2014 Legislative session

Red-light cameras hit dead end in Florida House

 
 
A red light camera on Eastbound Pines Boulevard at 129th Avenue.
A red light camera on Eastbound Pines Boulevard at 129th Avenue.
CHARLES TRAINOR JR / MIAMI HERALD FILE

The News Service of Florida

The key House proponent of eliminating red-light cameras ended his effort Monday to prohibit the installation of new cameras across the state.

However, a senator seeking to ban the traffic-enforcement technology isn’t ready to put the brakes on his bill.

Members of the House Transportation & Economic Development Appropriations Subcommittee unanimously approved an amendment by state Rep. Frank Artiles, R-Miami, as they backed his measure (HB 7005). The bill now would allow new cameras at intersections, but only if their use is justified through traffic engineering studies.

Meanwhile, Senate Transportation Chairman Jeff Brandes, R-St. Petersburg, said he intends to keep the Senate “on our current path” to repeal the Mark Wandall Traffic Safety Act of 2010, the state’s red-light camera law.

“I think ultimately what is going to happen is that the House is going to do what they’re going to do, and the Senate is going to come up with its own plan,” Brandes said after the House subcommittee voted. “And I think we will then enter into negotiations about what the overall policy of the Legislature will be.”

Brandes added that he may eventually have to make some concessions to other senators to get the measure to the floor.

Artiles’ amendment also would mandate that 70 percent of the local government revenue from the cameras go into safety measures and would require jurisdictions to shut off their cameras if they fail to provide annual camera-enforcement reports to the state.

“I just want to do something substantive that is going to help Floridians this year,” Artiles said.

In early February, Artiles and Brandes held a press conference in the Capitol to highlight a report from the Office of Program Policy Analysis & Government Accountability, the Legislature’s non-partisan policy office. The report found there were fewer fatalities, but more crashes at electronically monitored intersections and that fines issued because of the technology cost motorists nearly $119 million last year.

Artiles said the state study didn’t provide a full picture of the impact of the cameras because numbers were not available from every area that uses the technology.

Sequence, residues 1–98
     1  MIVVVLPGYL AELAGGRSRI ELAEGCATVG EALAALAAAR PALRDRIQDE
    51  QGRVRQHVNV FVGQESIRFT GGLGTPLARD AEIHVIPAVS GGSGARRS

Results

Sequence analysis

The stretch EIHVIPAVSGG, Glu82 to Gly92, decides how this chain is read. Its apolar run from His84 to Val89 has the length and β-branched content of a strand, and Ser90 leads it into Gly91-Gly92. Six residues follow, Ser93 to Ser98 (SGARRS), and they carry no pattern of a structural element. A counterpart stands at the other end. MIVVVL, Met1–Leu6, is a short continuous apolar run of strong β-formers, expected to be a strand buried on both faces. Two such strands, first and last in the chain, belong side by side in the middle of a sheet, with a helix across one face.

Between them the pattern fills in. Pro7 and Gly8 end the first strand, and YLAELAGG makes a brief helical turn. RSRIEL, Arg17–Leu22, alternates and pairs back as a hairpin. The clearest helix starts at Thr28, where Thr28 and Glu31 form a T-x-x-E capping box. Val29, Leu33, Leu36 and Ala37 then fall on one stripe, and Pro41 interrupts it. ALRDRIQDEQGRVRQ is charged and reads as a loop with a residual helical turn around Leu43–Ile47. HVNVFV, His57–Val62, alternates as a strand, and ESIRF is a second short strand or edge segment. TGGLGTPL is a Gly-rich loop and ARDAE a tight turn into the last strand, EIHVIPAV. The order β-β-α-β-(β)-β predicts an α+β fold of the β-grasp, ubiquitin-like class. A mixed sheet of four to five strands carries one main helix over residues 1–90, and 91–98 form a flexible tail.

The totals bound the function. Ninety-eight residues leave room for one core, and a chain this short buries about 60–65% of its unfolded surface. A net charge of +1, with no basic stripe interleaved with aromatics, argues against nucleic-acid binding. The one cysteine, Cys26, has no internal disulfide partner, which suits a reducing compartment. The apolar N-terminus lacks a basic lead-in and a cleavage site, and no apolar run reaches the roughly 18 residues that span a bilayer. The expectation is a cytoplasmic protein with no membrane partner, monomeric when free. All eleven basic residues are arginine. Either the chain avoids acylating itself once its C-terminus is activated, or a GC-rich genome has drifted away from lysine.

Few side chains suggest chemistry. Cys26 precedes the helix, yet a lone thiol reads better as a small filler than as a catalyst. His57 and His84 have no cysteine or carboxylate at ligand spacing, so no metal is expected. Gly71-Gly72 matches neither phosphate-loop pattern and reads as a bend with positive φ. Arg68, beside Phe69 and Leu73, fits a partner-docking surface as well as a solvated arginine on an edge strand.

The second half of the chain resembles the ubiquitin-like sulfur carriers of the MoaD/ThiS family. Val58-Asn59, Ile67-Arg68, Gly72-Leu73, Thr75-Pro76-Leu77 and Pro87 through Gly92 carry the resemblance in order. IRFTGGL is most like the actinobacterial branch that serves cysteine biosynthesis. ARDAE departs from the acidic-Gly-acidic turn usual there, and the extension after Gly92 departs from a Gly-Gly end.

The Senate measure (SB 144) by Brandes, who contends the law hasn’t improved safety and that local governments are using the program to fuel their budgets, is expected to go before the Senate Transportation Committee on Wednesday.

Artiles had initially proposed that the state ban new red-light cameras while reducing the fine from $158 to $83, eliminating the money local governments could collect.

South Pasadena Republican Rep. Kathleen Peters, while voting for the measure, questioned the state mandating how local governments could spend revenue from the cameras, noting state lawmakers decry whenever the federal government imposes such requirements on Florida.

But Artiles said the outcry from local governments over his initial proposal to eliminate the money demonstrated that the issue is strictly about money.

“It’s about revenue, it’s not about safety,” Artiles said. “What good is it for cities and counties and the state to collect this revenue and not implement it for safety purposes?”

Safety measure could range from adding LED lighting in traffic signals, extending yellow-light times in the signals and even hiring additional law enforcement, Artiles said.

Across Florida, at least 77 county and city governments operate red-light camera programs. However, some governments have been revisiting the cameras. For example, the St. Petersburg City Council has decided to end its program by the end of September.

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